Ms. Brown also ordered high-priced photography and investment in time and money for articles that were killed or relegated to small spaces. Newsweek’s former creative director, Dirk Barnett, posted on his Tumblr a montage of the 82 different cover ideas Ms. Brown asked him to design in seven days, while also employing six other agencies and illustrators to come up with ideas. In a June 27, 2012, post on Newsweek’s Tumblr, the magazine called it “our favorite Newsweek-related post of all time.”

During the interview, at first, Ms. Brown made light of the criticism: “Only 82?” she laughed. “How hard is it to take a picture and slap a headline on it?” Then she flatly denied having ordered so many covers. She said she sought out two other agencies at most and both were free. As for assignments, she said that is what magazine editors do, and to bolster her defense, she invoked the name of Maynard Parker, a previous Newsweek editor, who famously liked to change covers at the last minute.

Criticisms of how Ms. Brown spent money rile her strongest defenders.

“If somebody is saying ‘I don’t approve of this way the $10,000 was spent and that’s the reason for this $10 million budget gap,’ that’s not very good math,” said Mr. Frum, a contributing editor. “It’s the cost to print, declining revenue, switch to a digital environment. The fact that Tina struggled so valiantly and took so many risks, that is to her credit. It just exposes a total lack of understanding of the media environment.”

Certainly, the media environment was not good — although that might have been entirely predictable. Still, Ms. Brown put the blame for Newsweek’s troubles almost entirely on factors outside her control.

She pointed out that the advertising market “went off a cliff” in 2011. She acknowledged, too, that the magazine needed more digital sales employees and the posts remained unfilled, but said that was not her responsibility since she never ran the business side. But employees on the business side said their bosses were often paralyzed by Ms. Brown’s indecision on how to proceed with various projects because they feared her wrath if they got it wrong.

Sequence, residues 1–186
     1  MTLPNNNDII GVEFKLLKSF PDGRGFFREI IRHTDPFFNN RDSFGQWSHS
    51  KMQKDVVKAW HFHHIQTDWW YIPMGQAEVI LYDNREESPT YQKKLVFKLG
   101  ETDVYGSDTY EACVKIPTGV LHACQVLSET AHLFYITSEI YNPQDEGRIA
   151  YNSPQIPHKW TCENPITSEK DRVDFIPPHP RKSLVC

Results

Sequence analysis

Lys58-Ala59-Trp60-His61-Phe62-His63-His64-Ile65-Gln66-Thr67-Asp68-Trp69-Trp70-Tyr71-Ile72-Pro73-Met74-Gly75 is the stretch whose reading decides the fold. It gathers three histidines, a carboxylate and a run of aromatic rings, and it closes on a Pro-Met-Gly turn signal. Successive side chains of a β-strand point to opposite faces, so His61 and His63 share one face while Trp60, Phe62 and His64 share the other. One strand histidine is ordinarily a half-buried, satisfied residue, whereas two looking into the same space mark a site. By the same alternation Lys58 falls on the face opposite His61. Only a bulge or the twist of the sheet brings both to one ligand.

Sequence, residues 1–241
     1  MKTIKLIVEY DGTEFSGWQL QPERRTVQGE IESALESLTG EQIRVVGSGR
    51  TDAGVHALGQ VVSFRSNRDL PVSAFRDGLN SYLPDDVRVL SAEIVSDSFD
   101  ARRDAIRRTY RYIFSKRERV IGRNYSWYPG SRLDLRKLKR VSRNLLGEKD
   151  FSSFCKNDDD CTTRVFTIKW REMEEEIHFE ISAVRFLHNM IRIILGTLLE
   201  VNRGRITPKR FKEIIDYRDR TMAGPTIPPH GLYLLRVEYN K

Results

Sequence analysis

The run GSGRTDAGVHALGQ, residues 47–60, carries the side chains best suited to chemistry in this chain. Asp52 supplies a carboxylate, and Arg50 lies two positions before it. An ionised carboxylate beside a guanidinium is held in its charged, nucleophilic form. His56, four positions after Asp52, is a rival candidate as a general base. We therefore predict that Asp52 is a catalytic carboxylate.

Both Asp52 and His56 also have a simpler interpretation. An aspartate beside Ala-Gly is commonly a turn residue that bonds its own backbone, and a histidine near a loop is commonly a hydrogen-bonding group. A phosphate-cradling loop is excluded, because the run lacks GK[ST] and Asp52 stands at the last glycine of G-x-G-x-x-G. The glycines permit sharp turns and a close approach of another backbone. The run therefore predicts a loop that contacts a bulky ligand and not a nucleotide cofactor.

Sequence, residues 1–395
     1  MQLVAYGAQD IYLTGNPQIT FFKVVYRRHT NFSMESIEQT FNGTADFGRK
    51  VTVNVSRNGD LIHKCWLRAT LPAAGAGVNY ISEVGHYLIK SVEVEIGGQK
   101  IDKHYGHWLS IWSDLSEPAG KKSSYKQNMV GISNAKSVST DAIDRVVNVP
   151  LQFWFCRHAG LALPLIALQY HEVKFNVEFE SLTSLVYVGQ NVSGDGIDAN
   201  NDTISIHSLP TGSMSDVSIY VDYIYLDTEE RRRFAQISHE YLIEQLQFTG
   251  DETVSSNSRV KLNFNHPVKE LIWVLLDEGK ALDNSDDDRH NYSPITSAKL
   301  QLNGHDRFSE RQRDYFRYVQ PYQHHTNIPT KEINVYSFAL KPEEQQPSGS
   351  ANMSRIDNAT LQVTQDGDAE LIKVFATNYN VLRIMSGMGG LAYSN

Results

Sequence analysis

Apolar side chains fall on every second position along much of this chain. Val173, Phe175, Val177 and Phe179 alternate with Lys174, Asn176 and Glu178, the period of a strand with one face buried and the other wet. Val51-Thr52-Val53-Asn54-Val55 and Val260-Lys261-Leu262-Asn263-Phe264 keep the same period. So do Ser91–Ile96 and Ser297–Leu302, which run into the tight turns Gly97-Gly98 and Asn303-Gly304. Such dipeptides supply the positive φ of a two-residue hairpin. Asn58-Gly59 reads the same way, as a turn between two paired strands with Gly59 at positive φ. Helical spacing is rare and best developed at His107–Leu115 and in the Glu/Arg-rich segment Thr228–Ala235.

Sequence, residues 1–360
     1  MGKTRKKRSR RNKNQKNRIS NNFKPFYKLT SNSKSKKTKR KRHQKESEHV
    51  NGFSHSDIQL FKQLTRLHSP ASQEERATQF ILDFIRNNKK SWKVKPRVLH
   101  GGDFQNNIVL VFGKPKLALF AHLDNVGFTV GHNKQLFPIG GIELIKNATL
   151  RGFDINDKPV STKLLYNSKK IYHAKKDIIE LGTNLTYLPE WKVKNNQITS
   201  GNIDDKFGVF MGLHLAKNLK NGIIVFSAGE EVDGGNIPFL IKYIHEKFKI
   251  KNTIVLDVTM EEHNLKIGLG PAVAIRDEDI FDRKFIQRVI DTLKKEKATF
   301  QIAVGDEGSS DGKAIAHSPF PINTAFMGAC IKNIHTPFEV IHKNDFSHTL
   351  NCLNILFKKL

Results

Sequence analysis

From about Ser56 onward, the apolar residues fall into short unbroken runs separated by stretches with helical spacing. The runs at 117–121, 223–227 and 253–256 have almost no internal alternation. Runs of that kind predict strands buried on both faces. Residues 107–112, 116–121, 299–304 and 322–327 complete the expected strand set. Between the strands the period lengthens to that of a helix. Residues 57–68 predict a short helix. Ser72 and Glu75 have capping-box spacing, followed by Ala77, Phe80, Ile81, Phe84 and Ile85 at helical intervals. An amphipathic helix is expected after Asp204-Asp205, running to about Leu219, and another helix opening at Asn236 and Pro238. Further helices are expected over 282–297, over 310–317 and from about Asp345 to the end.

Newsroom Troubles

The newsroom side was also struggling. Employees point to covers like those featuring Regis Philbin and a reimagining of an aged Princess Diana as evidence that Ms. Brown struggled to find subjects to create that most elusive but desirable of magazine outcomes: buzz. One employee said that Ms. Brown ordered up a Newsweek feature on “Breaking Bad” well after an article on the show had appeared in The Beast. Ms. Brown does not accept the idea that she did not have her finger on the popular pulse. “I was the first person to do anything on ‘Breaking Bad.’ Nobody knew what ‘Breaking Bad’ was around here at all,” she said. “We were the first to write about ‘Borgen’; I have been watching it for a year,” referring to the Danish political series.

She also ticked off a raft of measures: under her leadership Newsweek went from losing 30 percent of its ad revenue a quarter to actually gaining 5.5 percent in the last quarter in print, and digital subscriptions expanded threefold during 2012, to 60,000 (both figures were confirmed by the Publisher’s Information Bureau). She also said that subscription renewal rates were 20 percent higher in 2011 than they had been in 2010, and the rate was maintained into 2012, reversing a period of decline that had begun in 2008.

But the venture was running out of time. On April 12, 2011, Mr. Harman, the chief supporter of Newsweek, died. The Harman heirs did not announce until July 23, 2012, that they would no longer foot Newsweek’s bills. But internally it was clear from the moment of the death that the dynamic had changed now that Mr. Diller, who had expected to split the costs, would carry the whole load (Mr. Boyer mordantly joked that “the wrong billionaire died”).

On Nov. 14, 2011, Ms. Brown’s chief lieutenants, the editors Edward Felsenthal and Tom Weber, resigned. In meetings, employees said, Mr. Diller grew impatient with Ms. Brown if she spoke for too long about how many hits an article was getting. He snapped, “Enough about traffic,” as if to bring her back to the bottom line.